Online Selling and Third-Party Network Reporting


The payment settlement reporting requirements of new IRC § 6050W, which go into effect next year, apply broadly to transactions conducted by debit or credit card, as well as third-party network transactions. While CPAs’ clients can easily understand how accepting payment cards at point of sale might affect them, those with income from online transactions settled either by payment card or through PayPal or other such third-party networks may have questions about the reporting requirement— or about reporting income generally from online transactions.


The reporting requirement was introduced by the Housing Assistance Tax Act of 2008 (PL 110-289). Banks or other “merchant acquiring entities” will report aggregate amounts of payment card transactions to payees and the IRS, and third-party networks likewise will report aggregate payments.


The Internet has certainly become a major venue for retail commerce. In 2009, alone handled more than $57 billion in gross merchandise value. Those transactions generated more than $31 billion in net total payments through PayPal, which is a subsidiary of eBay Inc. (annual report, eBay Inc., Feb. 17, 2010).


Section 6050W(e) provides a relatively high de minimis threshold for transactions settled by third-party networks: Reporting is required when the total gross reportable amount to a payee exceeds $20,000 and the aggregate number of transactions exceeds 200 (both conditions must be met). This provision would seem likely to exempt casual sellers and even some smaller businesses from reporting, but businesses should be aware that many entities that are not banks and may not consider themselves to be payment settlement entities fall under the expansive definition of “third-party network.” Final regulations (TD 9496) issued in August did not adopt a recommendation made by several comment submitters in response to Notice 2009-19 that payment card transactions also be subject to a de minimis exception.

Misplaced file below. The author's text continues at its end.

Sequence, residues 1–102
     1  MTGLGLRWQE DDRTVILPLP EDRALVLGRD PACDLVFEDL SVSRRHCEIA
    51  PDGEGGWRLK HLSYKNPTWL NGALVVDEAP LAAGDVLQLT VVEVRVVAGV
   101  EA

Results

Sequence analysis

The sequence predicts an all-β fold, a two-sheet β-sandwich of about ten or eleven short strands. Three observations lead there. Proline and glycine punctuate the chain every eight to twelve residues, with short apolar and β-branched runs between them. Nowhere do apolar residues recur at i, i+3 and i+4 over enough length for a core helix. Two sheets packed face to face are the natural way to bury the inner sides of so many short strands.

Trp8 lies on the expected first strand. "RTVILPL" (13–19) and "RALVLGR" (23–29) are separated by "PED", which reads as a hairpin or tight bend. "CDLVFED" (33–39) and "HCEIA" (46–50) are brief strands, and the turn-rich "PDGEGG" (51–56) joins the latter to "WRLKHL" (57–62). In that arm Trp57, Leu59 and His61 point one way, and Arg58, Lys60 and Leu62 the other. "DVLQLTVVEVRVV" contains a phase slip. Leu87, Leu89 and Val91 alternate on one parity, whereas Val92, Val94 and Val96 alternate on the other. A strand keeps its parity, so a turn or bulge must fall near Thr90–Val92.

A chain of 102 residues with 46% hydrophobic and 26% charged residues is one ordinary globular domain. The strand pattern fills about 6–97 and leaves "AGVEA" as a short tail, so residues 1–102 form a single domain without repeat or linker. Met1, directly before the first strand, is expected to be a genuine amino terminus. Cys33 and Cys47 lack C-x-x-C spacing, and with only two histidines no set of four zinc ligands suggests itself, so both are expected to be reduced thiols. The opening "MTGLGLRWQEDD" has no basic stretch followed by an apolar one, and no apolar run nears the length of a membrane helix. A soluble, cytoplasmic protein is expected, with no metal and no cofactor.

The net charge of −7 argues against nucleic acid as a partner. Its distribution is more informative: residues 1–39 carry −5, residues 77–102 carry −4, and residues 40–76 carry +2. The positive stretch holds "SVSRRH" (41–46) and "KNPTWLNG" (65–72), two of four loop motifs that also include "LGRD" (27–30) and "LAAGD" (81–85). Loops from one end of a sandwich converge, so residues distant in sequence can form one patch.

Beyond any reporting requirements, CPAs’ individual tax clients who sell personal items on eBay might not be sure whether their income from such sales is taxable. CPAs can point them to the Tax Court case of Andrea Orellana (TC Summary 2010-51). Orellana—an IRS revenue officer—said she hadn’t known she was supposed to report income from what she regarded as an ongoing “online garage sale” through eBay. But the Tax Court sustained an IRS determination that because of these activities she underreported her income by $30,663 for 2004 and $11,179 for 2005. The court sustained deficiencies totaling $12,428 and accuracy-related penalties of $2,486. The court noted she was in a better position than many taxpayers to know that her online sales produced potentially taxable income. The court added (in the context of assessing accuracy-related penalties) it “might not expect for a taxpayer to keep records for a few small items sold on eBay,” but noted the number of Orellana’s transactions: more than 7,000 between 2000 and 2005.


Nonetheless, online sales could put taxpayers at risk for underpaid taxes and penalties—perhaps more so starting next year if their transactions are reportable—if, like Orellana, they mistakenly believe they’re not required to report income (amount realized, less basis and selling expenses) just because they don’t consider themselves to be in business.



Others who do consider themselves in a trade or business and understand their income reporting obligations from online sales could find it difficult to reconcile their records with amounts reported on the new Form 1099-K the IRS has drafted for this purpose. They would be well advised by their CPA to begin instituting procedures to do so. Despite a concern by many that reporting would not reflect net amounts after “charge-backs” or other adjustments, the final regulations adhered to reporting of gross amounts only. The regulations specified that a reportable amount is determined as of the date of the transaction and “is not intended to be an exact match of the net, taxable, or even the gross income of a payee.” Nonetheless, tax practitioners should at least note the reported amount and attempt to reconcile any differences from what is reported on Schedule C.


CPAs should advise their business clients of these new information reporting requirements, along with expanded transaction reporting under section 6041 starting in 2012 (see “The Coming 1099 Revolution: Are You and Your Clients Ready?JofA, Aug. 2010, page 40).


By Tom Prieto, CPA, MBT, ( an adjunct professor at American Jewish University in Los Angeles.


To comment on this article or to suggest an idea for another article, contact Paul Bonner, senior editor, at or 919- 402-4434.


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